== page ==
For years the smiley face icon has been a staple of Norman Cook, aka Fatboy Slim's live show and full-on aesthetic vibe. He's about making people feel good, with DJ sets all about the mantra "smile and die." What a good ring! We know Fatboy Slim as one of the most successful DJs of all-time, with "Praise You," "Weapon Of Choice" and "Right Here Right Now" being the songs that you could play in any club in the world and have an audience feel it. With over three decades in music, Fatboy Slim has also merged his work with art, getting ready to open his curated show, Smile High Club, featuring the likes of Vhils, Ron English, Carrie Reichardt among others at Underdogs Gallery in Lisbon on June 21, 2019. We sat down with Cook to discuss how his curation differs in fine art, his own collection of art, and how the alter egos of musicians and street artists merge. 

Evan Pricco: How is Norman, the art curator, different from Fatboy Slim, the music curator?
Fatboy Slim: Norman is more thoughtful and relaxed than Fatboy. Fatboy just wants to make you smile and dance, but Norman is more interested in aesthetics and beauty. Most importantly though, Fatboy has been curating music for ravers for 35 years and occasionally takes his job for granted, but Norman is new to art curation and is still filled with wonder and awe at the idea of working with his favourite artists and thoroughly enjoying this new stimulation. Both Norman and Fatboy are color blind.


I did not know that! Throughout your career, you have seen so many trends in both art and music, but does this era feel like the most "in sync" when it comes to the culture genre?
I think the Instagram age is a good time for street or public art rather than fine art. New work and ideas flash round the world, and everyone is involved and informed instantly. It is so much more accessible for artists to be seen and for the rest of us to appreciate work on a wall the other side of the world. This is good, because with the advent of streaming music there is precious little artwork involved in record sleeves and posters which always tied music and art, and that connection is sadly lost. For example, I first discovered Keith Haring through a Malcolm McClaren record sleeve.

Yeah, it's like the physicality is lost but there is still this constant conversation happening between art and music. What were your criteria for curating this show? What sort of things were you looking for?
I was attracted to artists who appreciated the rich heritage of the smiley icon, who had dug deep enough to know who Harvey Ball was. Many of the artists were favorites because the smiley often cropped up in their work. Many are personal friends of mine so nepotism was a significant factor, naturally. Some were simply people whose work I love, and I wanted to get involved with or have more people see their work.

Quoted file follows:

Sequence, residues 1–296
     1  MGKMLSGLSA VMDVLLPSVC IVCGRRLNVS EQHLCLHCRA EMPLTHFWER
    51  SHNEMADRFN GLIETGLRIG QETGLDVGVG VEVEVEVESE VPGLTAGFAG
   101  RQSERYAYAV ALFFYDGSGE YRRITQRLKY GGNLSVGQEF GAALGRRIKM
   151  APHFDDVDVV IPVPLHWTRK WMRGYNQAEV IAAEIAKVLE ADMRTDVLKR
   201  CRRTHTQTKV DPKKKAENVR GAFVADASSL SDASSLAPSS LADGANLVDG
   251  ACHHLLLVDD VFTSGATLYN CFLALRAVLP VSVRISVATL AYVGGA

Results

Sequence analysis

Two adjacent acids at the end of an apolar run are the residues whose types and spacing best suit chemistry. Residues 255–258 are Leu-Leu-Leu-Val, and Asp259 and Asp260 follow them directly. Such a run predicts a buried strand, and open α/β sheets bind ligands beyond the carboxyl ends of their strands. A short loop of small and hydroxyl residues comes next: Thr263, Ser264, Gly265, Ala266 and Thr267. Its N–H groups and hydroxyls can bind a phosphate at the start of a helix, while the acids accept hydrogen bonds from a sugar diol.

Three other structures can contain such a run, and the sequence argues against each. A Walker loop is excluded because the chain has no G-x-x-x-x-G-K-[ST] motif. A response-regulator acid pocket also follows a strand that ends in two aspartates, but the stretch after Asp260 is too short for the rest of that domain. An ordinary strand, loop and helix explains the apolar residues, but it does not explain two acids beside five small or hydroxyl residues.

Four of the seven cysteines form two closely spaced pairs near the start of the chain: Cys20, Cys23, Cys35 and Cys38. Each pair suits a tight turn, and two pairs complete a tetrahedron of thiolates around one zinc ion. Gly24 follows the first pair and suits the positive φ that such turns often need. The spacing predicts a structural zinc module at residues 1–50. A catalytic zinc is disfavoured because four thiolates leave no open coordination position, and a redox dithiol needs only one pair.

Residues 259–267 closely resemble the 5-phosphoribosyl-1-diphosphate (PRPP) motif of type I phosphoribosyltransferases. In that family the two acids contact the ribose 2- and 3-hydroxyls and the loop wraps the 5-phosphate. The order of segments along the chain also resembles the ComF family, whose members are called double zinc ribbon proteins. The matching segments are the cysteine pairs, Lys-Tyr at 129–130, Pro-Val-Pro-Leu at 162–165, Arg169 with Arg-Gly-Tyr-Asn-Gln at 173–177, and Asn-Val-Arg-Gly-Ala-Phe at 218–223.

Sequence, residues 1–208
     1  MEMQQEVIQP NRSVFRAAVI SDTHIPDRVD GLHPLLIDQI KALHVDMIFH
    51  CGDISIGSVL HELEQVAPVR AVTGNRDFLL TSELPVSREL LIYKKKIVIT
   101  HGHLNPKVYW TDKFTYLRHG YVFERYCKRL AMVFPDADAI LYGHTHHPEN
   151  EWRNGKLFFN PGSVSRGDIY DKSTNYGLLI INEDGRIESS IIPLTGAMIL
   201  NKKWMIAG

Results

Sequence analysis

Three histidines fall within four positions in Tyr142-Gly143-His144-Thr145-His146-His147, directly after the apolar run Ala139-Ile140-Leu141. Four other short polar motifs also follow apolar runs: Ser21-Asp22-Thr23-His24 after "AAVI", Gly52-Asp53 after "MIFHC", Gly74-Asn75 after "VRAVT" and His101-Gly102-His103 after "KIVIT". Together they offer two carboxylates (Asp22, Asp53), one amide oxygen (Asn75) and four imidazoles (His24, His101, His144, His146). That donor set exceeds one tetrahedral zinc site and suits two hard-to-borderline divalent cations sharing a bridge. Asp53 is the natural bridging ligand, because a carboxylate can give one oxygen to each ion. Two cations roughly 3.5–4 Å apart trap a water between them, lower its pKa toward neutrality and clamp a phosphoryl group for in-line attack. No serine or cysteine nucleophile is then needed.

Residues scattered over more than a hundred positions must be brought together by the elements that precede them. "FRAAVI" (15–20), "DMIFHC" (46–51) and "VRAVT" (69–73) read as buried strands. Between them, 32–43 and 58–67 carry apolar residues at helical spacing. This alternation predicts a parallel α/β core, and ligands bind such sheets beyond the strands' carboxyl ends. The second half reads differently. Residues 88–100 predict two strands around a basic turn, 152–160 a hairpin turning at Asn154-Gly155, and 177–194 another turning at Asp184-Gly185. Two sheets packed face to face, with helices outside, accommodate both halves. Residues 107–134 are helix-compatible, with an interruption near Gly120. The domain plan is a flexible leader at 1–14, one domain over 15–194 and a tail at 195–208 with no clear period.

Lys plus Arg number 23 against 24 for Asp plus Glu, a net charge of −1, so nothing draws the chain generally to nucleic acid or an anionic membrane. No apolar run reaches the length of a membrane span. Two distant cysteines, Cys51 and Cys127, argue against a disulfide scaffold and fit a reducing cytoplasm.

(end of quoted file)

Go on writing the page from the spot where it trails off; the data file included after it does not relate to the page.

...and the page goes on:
james joyce

Do you collect art, and if you do, when did you start collecting?
I am a big collector of art. I started when I bought a Keith Haring print in New York in the mid-1980s. I particularly like Kenny Scharf, Shepard Fairey, and Inkie. I am very lucky that through my career I have got to meet and sometimes hang out with my favorites. I have a long-running and richly entertaining collaboration with RYCA and more recently have hooked up with Bordalo II and Vhils, hence the invitation for me to curate this sho

What's a favorite piece you own?
My current favorite is a Vhils lazer cut and carved poster portrait, a gift from the man himself…


The show is based around your connection to the smiley face, and the show is based on that smiley face logo (of sorts). Why the smiley, and how did that become part of your whole aesthetic?
The smiley was born the same year as me and has been following me around ever since, cropping up in pop-culture and always summing up a kind of peaceful, loved up goofball aesthetic that turns me on. Eventually, I got a smiley and crossbones tattooed on my arm, and since then it has become my logo as well as my mantra: “smile or die.”

In your career, do alter egos for musicians feel the same with alter egos and sort of "street art" names for fine artists? Is there a similar creative angle there?
I have never really thought about that one… I suppose we both like to hide behind a more romantic, outlaw alter ego that is possibly a comic book exaggerated version of ourselves. It allows us to escape into a more creative world of slight fantasy, less inhibited by day to day shackles of reality. Street artists probably have more need for anonymity if they are working illegally which is probably more legitimate than pop stars wanting to reinvent themselves without their dull real names or lives!

What are you most looking forward to with the show?
I have thoroughly enjoyed the whole process already. Getting to meet people like the London Police whom I have collected and followed but now share jokes with is a real thrill. I suppose finally sweeping up the mess and opening the doors to the public for the first time will excite me in the same way as holding the first record that I was part of making. A new thrill based on the joy of being able to be involved in something you have previously just loved.

Smile High Club will be on view at Underdogs in Lisbon from June 21—July 26, 2019.  

Artists in the show include Andrea Harz (UK), Bob Jaroc (UK), Carrie Reichardt (UK), Chemical X (UK), James Joyce (UK), Jimmy Cauty (UK), Joseph Ford (UK), Mark Vessey (UK), Pedrita Studio (PT), Ron English (US), RYCA (UK), and The London Police (UK).